Twenty minutes later I’m rolling down the hill into Long Stratton High Street, drawn toward the welcoming glow from The Golden Cod Piece’s windows. As I near the chippie I’m like, shit, no, that so fucking sucks. The queue is the longest I’ve ever seen. It must stretch along the pavement at least thirty yards, right up to the estate agent near The Swan pub. After the kind of day I’ve had I so don’t need this.  All the way home I’ve been anticipating those hot succulent taste bombs exploding on my tongue. Now this. I slow down for the car park, double checking the length of the queue. The closer I get, the longer it looks. I estimate a forty minute wait at least. I just don’t need this shit. By the time I park up and join the end of the queue it stretches right up to the door of The Swan, so I’m standing in the middle of a crowd of suicide-pact smokers huddled on the pavement cradling their pints of flat lager. What a fucking break. I can feel the stress from earlier in the day flooding back into my bloodstream, flexing its muscles to fuck up my evening. Big time. Times like these I wish I was a smoker. The queue shuffles along like an arthritic caterpillar, barely moving a yard in five minutes. This is the only downside to Friday nights. The day the whole fucking nation buys fish and chips for tea. And they all seem to be standing in my queue. No doubt each ordering four large cod and chips, one small hake and chips, two plaice, one scampi, three roast chicken, four battered sausages, a fried pineapple fritter and eight portions of mushy peas, and on second thoughts make the small hake a large one.

I check my watch. It’s twenty to nine and I’m still thirty minutes from the chip shop door. I really really don’t need this shit. Finally, after standing in the same spot for eight minutes without moving an inch, I throw in the towel. I have a bag of oven fries in the freezer at home and a fresh loaf in the car. It won’t be the same but I need that glass of Rioja soon or I might spontaneously combust into a puff of smoke. Walking back to my car I pass the other Long Stratton chippie, Tony’s Plaice. Most nights it’s like the Marie Celeste after a redundancy round. Long Stratton may be a two-chippie town, but for over a decade The Golden Cod Piece has been handing Tony’s Plaice its ass on a plate, with batter bits and a portion of mushy peas on the side. Tony’s Plaice cowers in a dark corner of the shopping precinct trying to pick up passing trade like a down-at-heel hooker in the car park of a Vegas hotel. Except for tonight. As I approach I notice to my surprise that the queue actually stretches outside. Not much, but its two-guy tail is definitely on the pavement. This is a real first. A twenty year event. Nearing the door my nostrils twitch at the aroma billowing out on a cloud of steam, a punch in the guts to a hungry man. I have no idea what their shit tastes like but it smells good to me. What the hell, I join the queue. Standing there I glance through the steamy windows. I notice they’ve hired a couple of girls to work the counter. Hot young girls. Even from ten yards away through the misted up glass, you can feel their heat.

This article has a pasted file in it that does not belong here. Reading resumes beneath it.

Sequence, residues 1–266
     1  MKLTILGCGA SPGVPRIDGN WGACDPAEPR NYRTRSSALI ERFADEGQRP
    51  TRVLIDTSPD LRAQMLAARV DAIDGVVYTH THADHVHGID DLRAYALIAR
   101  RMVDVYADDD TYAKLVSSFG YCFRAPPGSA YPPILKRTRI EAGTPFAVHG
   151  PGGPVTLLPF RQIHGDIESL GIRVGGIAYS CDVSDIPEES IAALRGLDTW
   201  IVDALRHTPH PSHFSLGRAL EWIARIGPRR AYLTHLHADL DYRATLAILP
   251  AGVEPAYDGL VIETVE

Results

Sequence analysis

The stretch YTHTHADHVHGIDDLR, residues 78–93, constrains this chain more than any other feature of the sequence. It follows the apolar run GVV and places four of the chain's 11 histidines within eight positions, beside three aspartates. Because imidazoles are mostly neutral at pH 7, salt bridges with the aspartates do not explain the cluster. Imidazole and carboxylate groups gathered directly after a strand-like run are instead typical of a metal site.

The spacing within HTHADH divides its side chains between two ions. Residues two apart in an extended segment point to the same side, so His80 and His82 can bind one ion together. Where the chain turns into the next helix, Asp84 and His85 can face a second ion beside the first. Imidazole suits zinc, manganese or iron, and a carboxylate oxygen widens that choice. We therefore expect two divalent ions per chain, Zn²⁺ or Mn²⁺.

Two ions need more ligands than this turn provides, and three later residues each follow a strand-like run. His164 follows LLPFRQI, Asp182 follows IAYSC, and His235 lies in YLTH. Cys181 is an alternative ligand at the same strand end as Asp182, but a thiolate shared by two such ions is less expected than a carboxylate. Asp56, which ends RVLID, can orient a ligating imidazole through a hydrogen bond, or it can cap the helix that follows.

For as long as I can remember they’ve had an old Greek-looking guy working the till, who I took to be the eponymous Tony. He has two swarthy lads working the fryers, presumably his sons. Their hangdog expressions don’t exactly yank you off the pavement when you walk past. But these girls, they are something else. As my place in the queue nears the open doorway I get a better view. They look about eighteen or nineteen, like something off of Geordie Shore, in their spray on blue and green tee-shirts and thigh-filled jeans. Both have long brown hair. The one in the blue tee-shirt has her hair gathered up at the back, with a little ringlet hanging down in front of each ear. The other’s hangs in two long platted ropes, which drape over her shoulders and come to rest on the shelf of her pushed-up titties. These girls belong in a nightclub, not behind the counter of a village chippie. Already I can feel my first chubby of the evening coming on. The babes have made up faces, perfect lippy and wide mouthfuls of broad white teeth which they flash at all the punters while engaging in flirty smalltalk. They seem on first name terms with several of the customers. The little name badges pinned to their tee-shirts at nipple height, like targets for the eyes, introduce them as Charmel and Tiffany. You couldn’t make it up.